- Marketing and promotion: Some individuals or organizations resort to spamming as a means to reach a large audience with unsolicited marketing messages, often bypassing legal and ethical boundaries.
A new form of spam
With the rise of social media, we as a society have encountered a ‘new type’ of harassment: social media spam. Social media platforms have become fertile ground for spammers seeking to exploit user engagement. Here are some common types of social media spam:
- Fake Accounts: Spammers create fake accounts, often using stolen identities or automated bots, to distribute spam messages, engage in fraudulent activities, or spread misinformation.
- Spam Comments: Social media posts and comments are prime targets for spammers seeking to promote products, services, or links. These comments may contain misleading information or fraudulent offers.
- Misleading Content: Spammers share content on social media platforms that is designed to mislead or deceive users. This includes clickbait headlines, false news stories, or sensationalized information meant to attract attention and generate traffic.
Frequently asked questions
Because spammers rely on volume, they produce and send the same message to everyone in their contact list, hoping someone will click on it. The content of spam e-mails is often an advertisement for a product or service with the recipient’s contact information to make a purchase. This may be for a legitimate product or service, but when it is not, it may be a phishing attack. So a spam message is not necessarily a phishing attack. On the other hand, phishing is a form of spam, but with malicious intent.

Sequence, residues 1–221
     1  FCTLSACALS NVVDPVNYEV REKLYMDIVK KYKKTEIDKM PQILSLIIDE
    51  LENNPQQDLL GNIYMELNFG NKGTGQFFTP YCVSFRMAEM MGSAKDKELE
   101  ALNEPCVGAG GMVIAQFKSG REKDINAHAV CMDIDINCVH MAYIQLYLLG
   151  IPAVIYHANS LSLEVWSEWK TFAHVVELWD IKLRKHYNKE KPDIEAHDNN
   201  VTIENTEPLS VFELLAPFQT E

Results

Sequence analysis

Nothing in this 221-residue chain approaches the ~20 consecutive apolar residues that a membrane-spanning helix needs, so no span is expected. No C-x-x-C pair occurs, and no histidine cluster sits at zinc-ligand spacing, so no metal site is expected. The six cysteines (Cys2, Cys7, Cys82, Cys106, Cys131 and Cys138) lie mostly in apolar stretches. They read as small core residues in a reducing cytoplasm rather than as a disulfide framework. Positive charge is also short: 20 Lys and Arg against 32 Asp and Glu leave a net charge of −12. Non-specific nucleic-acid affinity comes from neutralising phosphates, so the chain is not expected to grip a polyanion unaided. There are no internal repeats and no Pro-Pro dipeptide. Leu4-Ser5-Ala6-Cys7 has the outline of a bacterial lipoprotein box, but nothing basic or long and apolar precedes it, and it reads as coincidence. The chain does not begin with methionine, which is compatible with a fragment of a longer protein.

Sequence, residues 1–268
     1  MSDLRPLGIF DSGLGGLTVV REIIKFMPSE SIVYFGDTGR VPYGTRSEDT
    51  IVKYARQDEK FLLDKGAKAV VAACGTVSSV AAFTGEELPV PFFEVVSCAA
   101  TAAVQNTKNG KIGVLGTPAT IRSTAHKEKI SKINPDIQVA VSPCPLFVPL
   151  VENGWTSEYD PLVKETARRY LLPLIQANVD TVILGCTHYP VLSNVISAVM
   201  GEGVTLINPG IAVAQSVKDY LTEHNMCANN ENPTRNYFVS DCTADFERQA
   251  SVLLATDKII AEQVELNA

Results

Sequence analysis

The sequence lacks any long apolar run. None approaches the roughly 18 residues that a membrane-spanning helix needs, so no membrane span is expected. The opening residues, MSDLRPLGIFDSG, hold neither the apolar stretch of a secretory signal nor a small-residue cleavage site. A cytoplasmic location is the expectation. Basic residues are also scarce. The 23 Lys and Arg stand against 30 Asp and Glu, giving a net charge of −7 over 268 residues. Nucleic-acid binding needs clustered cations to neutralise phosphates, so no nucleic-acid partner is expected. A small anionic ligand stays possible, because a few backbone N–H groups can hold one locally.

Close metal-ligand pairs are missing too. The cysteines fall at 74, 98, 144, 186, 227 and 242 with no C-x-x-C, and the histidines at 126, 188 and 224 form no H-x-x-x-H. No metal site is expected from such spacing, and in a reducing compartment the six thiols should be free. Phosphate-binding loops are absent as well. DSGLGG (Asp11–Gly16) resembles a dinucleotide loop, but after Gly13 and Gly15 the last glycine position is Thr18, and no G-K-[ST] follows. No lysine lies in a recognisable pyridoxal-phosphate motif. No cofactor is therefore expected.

Spam is a disaster. Some 62 billion spam e-mails are sent out every day. It is boring and clogs up inboxes. In addition consumes bandwidth, causes delays on servers, and uses up space on hard drives and in memory. And it is safe to say that it has become an inevitable part of everyday life. It also reduces employee productivity because employees have to read, evaluate and delete messages. Spam e-mails can be dangerous because opening them, clicking on links, or downloading files can infect your device with a virus or other types of malware.
Companies face higher risks and higher costs due to increasingly complex email delivery tactics. Separating spam from unsolicited bulk mail is increasingly difficult and poses the same problems. Receiving, processing, categorising, and deleting spam and unwanted e-mail exhausts system and human resources and reduces the quality of service.
E-mail is one of the simplest and most practical methods of exchanging information and data. Nevertheless, it is not uncommon to receive material or e-mails with potentially dangerous attachments or dubious comments.
While some spam e-mails can be useful, such as e-mails sent for commercial purposes, others are dangerous and try to harm you.
Opening spam is not necessarily unsafe. E-mails are essentially text or HTML-based documents (web pages). Opening an e-mail should be safe in that respect. Even if you click on a link or react, there is not necessarily anything wrong. It depends purely on what the aim of the attacker is. If he wants to get hold of your login data, he will probably send you to a phishing website. If you click on a link but do not enter any data, there is no problem. However, if you click on a link and download a file, this can cause problems.
Train your employees in recognising spam and phishing emails through cybersecurity awareness training.